Returnal is a difficult game, but is it the most challenging game in years? That depends on how you approach it.
Housemarque has always built their games around a tough but fair principle, and Returnal follows suit. Things start out grim as you take your first steps on Atropos, learning to dodge, jump and parse enemy patterns.
Eventually the situation improves once Selene gets access to cool xenotech: Rifles that automatically reload, parasites that make your health bars enormous and buff your armour, and weapon traits that obliterate enemies in seconds.
But this is a roguelike. And to consistently reach that point where you’re thinking about the next three or four rooms ahead, as opposed to how you can survive the next encounter, some planning is required. Let’s get stuck in.
This post has been updated since its original publication.
There’s a bed inside your crashed ship, the Helios, and it’s handy for a lot more than smash-cuts.
Ignore most of the malignant obolite chunks.
Even the chunks that offer a “large” amount of obolites will generally only give you 50 obolites at most — which usually isn’t worth it considering the malfunction you might have to cop. The only exception I’d make here is if you’re just about to go into a boss fight and having those obolites is the difference between being able to buy the 25 per cent HP upgrade, improved melee attack, or another artifact that will substantially improve your build. Otherwise, you’ll be able to get all the obolites you need through the secret rooms and regular play. (Also, don’t discount some consumables: there’s one that will generate more obolites from fallen enemies, and using that will boost your income more than taking a risk.)
Dash into attacks, not away from them.
Returnal actually tells you that you’re “invulnerable to hazards and most enemy attacks” while dashing, and if you’ve played any Housemarque game before then you’ll be familiar with how generous the iframes (invulnerability) on dash are.
But what the game doesn’t tell you, and something that’s really key to a lot of these games, is dashing into an attack, rather than away from it. And there’s a couple of reasons why. For the most part, enemies’ attacks will spread.
Most are circular, like a giant tentacle bull jumping at your target location. In practice, this means the point of landing and area around it will take massive damage. So if you want to avoid that, the most space will be to run towards the area where the enemy just left.
These floating Borgs from the game’s second biome are a great example. Their base attack is a massive square of circular orbs that spreads out the further they travel. This area of the second biome is outdoors, so there’s actually a ton of space to dodge sideways here. But when you face these enemies further in, you’ll have much less space, and dodging sideways becomes super difficult.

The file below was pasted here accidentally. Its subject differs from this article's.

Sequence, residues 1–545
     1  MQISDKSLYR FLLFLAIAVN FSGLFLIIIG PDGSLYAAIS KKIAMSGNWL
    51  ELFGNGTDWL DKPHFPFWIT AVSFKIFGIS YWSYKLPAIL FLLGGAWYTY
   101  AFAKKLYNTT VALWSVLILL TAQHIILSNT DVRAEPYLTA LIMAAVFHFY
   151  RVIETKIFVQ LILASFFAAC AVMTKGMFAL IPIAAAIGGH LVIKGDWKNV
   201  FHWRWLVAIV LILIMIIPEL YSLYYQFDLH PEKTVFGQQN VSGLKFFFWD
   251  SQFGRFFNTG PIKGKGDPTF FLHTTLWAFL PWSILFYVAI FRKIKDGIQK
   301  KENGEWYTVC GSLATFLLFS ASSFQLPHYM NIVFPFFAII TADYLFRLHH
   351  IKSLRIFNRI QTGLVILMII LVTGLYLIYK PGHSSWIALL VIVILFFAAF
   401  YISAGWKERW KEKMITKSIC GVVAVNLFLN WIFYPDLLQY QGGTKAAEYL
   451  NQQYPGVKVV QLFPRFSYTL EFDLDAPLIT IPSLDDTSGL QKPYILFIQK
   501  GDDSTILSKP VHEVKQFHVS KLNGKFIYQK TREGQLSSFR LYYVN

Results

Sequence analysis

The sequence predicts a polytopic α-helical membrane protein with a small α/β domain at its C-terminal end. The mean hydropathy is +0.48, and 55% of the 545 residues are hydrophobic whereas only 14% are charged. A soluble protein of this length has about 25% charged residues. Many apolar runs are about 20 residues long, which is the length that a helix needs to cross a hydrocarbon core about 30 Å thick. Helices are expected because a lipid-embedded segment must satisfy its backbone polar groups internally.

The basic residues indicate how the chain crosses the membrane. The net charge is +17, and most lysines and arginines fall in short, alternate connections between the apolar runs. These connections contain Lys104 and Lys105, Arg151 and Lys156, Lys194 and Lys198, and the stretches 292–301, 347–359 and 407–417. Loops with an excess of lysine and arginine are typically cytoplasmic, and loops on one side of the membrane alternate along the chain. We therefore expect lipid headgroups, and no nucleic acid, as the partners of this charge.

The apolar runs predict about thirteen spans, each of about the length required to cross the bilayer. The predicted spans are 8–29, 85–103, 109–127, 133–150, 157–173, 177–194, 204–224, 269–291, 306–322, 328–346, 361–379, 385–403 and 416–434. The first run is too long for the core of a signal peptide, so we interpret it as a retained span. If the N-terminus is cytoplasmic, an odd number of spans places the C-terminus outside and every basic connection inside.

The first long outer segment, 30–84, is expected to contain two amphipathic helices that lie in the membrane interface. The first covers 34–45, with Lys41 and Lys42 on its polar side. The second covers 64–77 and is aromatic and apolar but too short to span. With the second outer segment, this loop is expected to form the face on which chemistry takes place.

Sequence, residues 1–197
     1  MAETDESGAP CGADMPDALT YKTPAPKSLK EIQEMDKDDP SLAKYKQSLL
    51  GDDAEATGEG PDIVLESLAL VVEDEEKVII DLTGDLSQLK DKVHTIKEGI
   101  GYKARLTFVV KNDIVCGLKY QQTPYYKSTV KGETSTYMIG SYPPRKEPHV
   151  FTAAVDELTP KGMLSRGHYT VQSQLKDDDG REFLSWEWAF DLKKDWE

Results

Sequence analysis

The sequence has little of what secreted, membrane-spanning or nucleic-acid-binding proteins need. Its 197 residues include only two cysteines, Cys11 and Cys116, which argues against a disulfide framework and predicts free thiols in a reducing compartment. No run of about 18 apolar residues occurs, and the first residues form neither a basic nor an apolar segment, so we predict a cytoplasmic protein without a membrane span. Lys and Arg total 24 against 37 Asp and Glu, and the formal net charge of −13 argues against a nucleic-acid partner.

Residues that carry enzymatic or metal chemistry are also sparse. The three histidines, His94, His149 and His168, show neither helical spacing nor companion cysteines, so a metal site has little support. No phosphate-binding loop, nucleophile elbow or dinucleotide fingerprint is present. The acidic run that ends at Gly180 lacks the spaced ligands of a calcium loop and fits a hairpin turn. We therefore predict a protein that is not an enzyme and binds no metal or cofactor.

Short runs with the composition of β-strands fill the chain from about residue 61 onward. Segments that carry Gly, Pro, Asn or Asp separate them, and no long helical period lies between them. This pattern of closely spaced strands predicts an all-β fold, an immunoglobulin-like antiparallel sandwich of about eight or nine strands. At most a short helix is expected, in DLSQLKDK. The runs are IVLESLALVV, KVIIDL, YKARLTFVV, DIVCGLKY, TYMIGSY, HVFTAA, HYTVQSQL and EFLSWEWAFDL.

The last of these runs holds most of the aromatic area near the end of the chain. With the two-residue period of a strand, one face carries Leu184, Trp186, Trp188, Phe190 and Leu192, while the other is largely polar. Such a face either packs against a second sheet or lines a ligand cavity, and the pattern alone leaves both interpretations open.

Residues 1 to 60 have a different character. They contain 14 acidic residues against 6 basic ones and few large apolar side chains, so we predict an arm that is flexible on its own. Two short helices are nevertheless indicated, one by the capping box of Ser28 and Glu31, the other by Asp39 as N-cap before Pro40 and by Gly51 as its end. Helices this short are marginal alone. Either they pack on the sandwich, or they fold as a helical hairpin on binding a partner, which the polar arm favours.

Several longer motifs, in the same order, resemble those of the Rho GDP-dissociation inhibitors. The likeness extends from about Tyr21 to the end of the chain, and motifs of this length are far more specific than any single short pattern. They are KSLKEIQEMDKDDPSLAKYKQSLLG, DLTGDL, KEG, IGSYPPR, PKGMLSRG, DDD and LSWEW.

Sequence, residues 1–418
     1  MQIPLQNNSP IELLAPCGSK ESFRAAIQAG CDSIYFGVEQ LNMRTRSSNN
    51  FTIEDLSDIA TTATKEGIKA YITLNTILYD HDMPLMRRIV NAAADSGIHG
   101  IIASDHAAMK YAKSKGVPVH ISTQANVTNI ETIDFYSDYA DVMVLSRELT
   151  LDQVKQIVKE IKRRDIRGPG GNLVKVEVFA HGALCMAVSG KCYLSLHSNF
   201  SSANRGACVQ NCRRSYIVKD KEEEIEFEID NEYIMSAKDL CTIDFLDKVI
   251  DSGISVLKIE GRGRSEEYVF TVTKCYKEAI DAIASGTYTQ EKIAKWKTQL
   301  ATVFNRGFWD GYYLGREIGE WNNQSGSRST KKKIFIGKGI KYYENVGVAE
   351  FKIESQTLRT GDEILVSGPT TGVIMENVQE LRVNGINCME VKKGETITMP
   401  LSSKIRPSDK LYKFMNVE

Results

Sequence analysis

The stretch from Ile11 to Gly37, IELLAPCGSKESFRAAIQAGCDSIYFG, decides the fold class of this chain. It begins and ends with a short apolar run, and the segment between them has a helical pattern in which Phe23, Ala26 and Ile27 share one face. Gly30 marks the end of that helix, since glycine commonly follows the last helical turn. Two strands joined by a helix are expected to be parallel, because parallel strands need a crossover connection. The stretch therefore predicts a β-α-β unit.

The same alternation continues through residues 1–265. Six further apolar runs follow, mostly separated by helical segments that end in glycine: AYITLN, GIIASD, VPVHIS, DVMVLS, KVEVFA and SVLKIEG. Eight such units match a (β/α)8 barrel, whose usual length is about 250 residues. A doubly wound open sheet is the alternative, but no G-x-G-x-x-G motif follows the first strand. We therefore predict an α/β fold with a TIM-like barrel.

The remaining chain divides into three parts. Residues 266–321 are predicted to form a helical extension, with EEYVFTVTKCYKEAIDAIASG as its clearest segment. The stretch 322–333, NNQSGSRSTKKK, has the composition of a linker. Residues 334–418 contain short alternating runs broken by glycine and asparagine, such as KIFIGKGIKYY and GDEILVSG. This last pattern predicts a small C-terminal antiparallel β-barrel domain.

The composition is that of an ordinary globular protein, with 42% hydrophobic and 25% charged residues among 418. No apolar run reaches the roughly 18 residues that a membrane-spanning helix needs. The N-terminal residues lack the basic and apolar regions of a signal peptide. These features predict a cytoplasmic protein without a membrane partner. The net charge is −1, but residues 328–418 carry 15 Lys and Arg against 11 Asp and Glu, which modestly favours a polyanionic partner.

So the smart thing to do is actually to wait and dodge through the attack. That gives you the option of then just going for a straight melee swipe — Returnal has a good auto-targeting system where you’ll automatically drift towards the target when you’re in range — or dodging past if, for whatever reason, you’re just trying to run away.
But the perfect example of this in action is the bosses. You’ll find it much easier to avoid their attacks by going towards them, or dashing through the attack, rather than trying to find space going from side to side. Here’s a perfect example from Phrike, the first boss in the game:
Phrike’s main AOE attacks in the first, second and third phase is this large fireball dump, where a ring of fire appears around Phrike’s location, and Phrike dashes away (presumably to make things complicated). You could run backwards and just fire from afar, but the easiest solution? Dash inwards and slash the crap out of Phrike.
Dodge anything that’s purple.
But while Selene’s dash has invulnerability on just about anything, the things she can’t weave out of are all coloured purple. The first boss, Phrike, has a couple of AOE attacks with purple fireballs, but it’s not until the third biome that you’ll encounter enemies that regularly use similar attacks. So keep it simple: red, dash through, purple, jump or dash around. Easy!
Melee as often as you can.
You won’t actually get the melee attack until a couple of hours in, as you’d expect from any game that draws inspiration from Metroid. But as soon as the glowing red sword becomes available, you’ll want to start planning your attacks around it.
Apart from being the highest damage dealer available early on, the melee is also a crucial tool in staggering enemies. Anything glowing red with a shield? Invulnerable until you slash it. Tentacle mini-bosses like this one, or that green tree that keeps teleporting everywhere and throwing goop on the ground? They’ll fall to the ground as soon as you hit them with a sword, leaving them super vulnerable to a quick follow-up from your alt-fire.
You can also melee targets in mid-air, too:
This is a little more impractical given the environment, though. Returnal has a lot of stages and areas where you’re fighting over caverns, bridges, and things that Selene really can’t survive a fall from.
But what’s key to note here, too, is that the melee attack itself serves as a pseudo dash. If you’re running forward and you slash, Selene will effectively do a mini-dash towards the target as part of the attack animation. That means you can attack and then quickly dash through the enemy — because most enemies will take time to turn around to face Selene, which buys you more time for attacks/dashes to cooldown.
Always be online.
Something the game tells you about early on, but something I saw very little of during my playthrough, is the fallen bodies of previous Astra Scouts. It’s basically the most Returnal gets to having online play, whereby the fallen bodies of other players can appear in your game.